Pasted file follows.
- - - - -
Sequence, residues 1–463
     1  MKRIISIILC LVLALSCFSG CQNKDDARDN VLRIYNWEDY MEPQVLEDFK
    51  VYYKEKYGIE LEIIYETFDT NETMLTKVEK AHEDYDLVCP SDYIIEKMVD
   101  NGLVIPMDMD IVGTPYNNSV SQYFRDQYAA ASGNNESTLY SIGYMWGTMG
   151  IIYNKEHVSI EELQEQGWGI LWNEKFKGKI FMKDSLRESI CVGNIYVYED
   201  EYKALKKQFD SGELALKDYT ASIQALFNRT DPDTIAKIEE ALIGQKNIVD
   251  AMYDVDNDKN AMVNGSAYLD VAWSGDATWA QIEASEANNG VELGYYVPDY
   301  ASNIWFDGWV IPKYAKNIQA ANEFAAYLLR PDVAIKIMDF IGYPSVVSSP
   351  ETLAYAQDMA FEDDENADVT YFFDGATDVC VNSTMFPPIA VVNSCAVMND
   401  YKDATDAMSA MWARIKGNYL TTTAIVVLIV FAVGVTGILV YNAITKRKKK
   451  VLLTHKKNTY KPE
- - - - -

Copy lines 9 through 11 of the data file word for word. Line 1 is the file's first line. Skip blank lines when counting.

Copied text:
   351  ETLAYAQDMA FEDDENADVT YFFDGATDVC VNSTMFPPIA VVNSCAVMND
   401  YKDATDAMSA MWARIKGNYL TTTAIVVLIV FAVGVTGILV YNAITKRKKK
   451  VLLTHKKNTY KPE